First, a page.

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Full life-cycle vulnerability assessments are identifying the effects of climate change on nongame migratory birds that are of conservation concern and breed in the upper Midwest and Great Lakes region. Full life-cycle analyses are critical, as current efforts likely underestimate the vulnerability of migratory land birds due to a focus on assessing only one component of the annual cycle. The approach provides a framework for integrating exposure to climate changes, sensitivity to these changes, and the potential for adaptation in both winter and summer seasons, and accounts for carry-over effects from one season to another. The results of this work will inform regional management by highlighting both local and...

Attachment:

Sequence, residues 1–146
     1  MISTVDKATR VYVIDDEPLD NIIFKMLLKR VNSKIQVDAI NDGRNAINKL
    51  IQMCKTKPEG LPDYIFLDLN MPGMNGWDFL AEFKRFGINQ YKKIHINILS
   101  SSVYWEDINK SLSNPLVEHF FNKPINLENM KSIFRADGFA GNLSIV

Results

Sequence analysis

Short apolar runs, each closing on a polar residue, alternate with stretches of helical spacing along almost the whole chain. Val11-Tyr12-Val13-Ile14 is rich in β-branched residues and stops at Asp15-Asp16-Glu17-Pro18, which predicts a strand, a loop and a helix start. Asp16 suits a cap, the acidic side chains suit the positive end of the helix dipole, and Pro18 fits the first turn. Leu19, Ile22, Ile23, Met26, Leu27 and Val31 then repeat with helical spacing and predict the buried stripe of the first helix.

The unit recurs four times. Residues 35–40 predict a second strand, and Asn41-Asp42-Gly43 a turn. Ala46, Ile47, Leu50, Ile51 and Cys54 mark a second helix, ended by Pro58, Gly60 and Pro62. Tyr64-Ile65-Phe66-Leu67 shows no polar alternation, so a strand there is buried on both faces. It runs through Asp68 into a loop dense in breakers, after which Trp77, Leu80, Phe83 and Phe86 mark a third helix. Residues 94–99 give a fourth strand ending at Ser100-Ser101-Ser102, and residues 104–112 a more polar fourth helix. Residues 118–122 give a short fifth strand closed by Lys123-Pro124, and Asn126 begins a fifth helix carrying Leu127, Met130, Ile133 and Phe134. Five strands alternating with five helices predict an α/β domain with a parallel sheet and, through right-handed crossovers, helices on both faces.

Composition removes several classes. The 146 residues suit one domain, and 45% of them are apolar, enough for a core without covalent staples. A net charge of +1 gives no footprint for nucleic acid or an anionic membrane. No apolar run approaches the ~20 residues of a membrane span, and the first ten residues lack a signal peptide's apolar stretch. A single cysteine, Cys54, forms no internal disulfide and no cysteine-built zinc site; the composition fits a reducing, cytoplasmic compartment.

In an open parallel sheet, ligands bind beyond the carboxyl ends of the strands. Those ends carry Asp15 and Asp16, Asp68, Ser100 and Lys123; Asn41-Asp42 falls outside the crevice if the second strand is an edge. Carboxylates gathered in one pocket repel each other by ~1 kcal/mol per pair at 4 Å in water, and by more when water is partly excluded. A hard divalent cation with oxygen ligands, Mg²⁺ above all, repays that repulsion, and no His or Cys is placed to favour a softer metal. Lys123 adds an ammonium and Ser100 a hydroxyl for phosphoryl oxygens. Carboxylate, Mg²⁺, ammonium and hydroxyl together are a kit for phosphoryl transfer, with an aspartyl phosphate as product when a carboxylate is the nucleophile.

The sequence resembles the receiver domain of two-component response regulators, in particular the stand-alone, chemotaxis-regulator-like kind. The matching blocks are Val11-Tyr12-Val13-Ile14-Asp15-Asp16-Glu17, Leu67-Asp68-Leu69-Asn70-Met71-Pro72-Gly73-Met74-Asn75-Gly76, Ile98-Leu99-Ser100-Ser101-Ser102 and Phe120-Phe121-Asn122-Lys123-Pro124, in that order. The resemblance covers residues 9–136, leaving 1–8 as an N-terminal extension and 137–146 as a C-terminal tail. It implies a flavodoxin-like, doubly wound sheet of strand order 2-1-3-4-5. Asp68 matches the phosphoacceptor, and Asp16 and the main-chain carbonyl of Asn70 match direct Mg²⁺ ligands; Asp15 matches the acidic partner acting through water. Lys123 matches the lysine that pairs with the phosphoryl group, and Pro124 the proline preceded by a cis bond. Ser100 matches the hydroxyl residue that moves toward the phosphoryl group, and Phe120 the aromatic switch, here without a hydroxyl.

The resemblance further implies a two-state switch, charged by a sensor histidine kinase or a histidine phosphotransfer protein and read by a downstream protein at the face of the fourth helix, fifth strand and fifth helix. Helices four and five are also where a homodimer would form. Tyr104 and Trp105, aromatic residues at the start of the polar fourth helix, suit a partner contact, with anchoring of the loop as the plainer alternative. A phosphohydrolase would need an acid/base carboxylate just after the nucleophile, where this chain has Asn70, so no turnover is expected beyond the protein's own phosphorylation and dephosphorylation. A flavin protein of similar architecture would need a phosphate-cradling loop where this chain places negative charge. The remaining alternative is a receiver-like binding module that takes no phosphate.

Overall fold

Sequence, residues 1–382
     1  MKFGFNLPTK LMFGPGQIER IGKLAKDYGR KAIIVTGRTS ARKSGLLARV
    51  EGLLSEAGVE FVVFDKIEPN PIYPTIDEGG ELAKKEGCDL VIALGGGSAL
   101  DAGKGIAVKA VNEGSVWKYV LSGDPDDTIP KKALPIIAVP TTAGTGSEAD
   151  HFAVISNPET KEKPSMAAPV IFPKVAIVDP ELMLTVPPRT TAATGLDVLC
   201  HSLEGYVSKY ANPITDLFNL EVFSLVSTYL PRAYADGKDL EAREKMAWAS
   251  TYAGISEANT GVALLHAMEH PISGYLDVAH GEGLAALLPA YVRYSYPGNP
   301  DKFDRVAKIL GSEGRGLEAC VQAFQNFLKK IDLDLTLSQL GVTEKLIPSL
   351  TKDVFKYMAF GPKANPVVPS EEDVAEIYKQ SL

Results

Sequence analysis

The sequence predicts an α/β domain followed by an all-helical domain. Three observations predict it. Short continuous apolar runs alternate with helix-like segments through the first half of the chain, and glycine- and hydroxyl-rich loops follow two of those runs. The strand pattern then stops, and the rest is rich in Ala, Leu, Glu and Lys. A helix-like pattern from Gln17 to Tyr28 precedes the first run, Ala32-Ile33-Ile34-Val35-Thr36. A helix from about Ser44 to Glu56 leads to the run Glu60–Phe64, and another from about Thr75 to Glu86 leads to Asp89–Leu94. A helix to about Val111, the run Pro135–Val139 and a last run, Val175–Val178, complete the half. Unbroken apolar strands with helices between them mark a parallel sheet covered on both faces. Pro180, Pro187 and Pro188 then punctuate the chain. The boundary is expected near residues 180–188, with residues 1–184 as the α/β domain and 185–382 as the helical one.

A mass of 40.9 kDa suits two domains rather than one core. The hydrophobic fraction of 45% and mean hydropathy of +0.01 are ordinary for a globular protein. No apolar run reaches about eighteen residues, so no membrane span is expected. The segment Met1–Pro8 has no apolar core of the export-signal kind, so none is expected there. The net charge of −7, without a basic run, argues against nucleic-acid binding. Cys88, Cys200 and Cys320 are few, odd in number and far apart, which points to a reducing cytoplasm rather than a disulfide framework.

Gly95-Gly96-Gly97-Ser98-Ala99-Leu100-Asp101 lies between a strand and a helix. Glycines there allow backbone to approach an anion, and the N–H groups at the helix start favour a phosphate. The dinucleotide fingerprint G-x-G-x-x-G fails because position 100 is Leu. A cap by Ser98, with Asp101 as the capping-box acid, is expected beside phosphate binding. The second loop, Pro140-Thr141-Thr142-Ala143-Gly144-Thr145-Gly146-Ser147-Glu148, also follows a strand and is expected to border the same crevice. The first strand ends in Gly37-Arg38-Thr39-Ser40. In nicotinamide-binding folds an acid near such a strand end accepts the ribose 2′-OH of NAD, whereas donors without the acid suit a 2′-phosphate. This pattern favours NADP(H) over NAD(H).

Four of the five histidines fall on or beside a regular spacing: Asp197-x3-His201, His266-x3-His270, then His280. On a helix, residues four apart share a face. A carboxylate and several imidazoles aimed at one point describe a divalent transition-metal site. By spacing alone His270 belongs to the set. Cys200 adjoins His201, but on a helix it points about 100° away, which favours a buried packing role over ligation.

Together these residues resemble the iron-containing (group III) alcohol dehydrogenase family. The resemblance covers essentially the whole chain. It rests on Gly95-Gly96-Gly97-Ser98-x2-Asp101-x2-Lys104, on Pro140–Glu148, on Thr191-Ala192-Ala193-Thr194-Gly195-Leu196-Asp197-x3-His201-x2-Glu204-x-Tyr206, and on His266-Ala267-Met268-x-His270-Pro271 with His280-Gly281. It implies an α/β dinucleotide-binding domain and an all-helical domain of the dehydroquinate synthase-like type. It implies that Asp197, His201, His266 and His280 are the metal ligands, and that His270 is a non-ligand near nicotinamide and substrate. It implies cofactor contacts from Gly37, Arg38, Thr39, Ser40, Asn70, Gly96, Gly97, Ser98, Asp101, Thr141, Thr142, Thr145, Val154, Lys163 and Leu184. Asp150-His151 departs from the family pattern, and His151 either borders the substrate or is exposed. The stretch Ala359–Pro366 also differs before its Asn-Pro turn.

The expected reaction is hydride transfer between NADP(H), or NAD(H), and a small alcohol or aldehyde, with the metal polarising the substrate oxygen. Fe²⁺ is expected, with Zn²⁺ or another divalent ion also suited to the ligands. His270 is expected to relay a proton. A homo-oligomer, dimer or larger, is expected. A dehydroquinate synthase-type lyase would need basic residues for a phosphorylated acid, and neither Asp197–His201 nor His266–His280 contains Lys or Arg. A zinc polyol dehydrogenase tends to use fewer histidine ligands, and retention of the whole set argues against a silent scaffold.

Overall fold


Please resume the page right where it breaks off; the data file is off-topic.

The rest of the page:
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Arctic grayling (Thymallus arcticus) have a life-history strategy specifically adapted to the extreme climate of the North. These fish migrate to spawning grounds just after breakup in the spring, then migrate to feeding sites in early summer, and finally in the fall migrate back to their overwintering sites. The Kuparuk River is a perennial stream originating in the northern foothills of the Brooks Range on the North Slope of Alaska. Sections of the Kuparuk are periodically intermittent in that, during low flows in the system, these channel reaches appear dry. The flow varies between surface and subsurface in this permafrost-dominated environment, with subsurface flow being limited to the unfrozen thaw bulb around...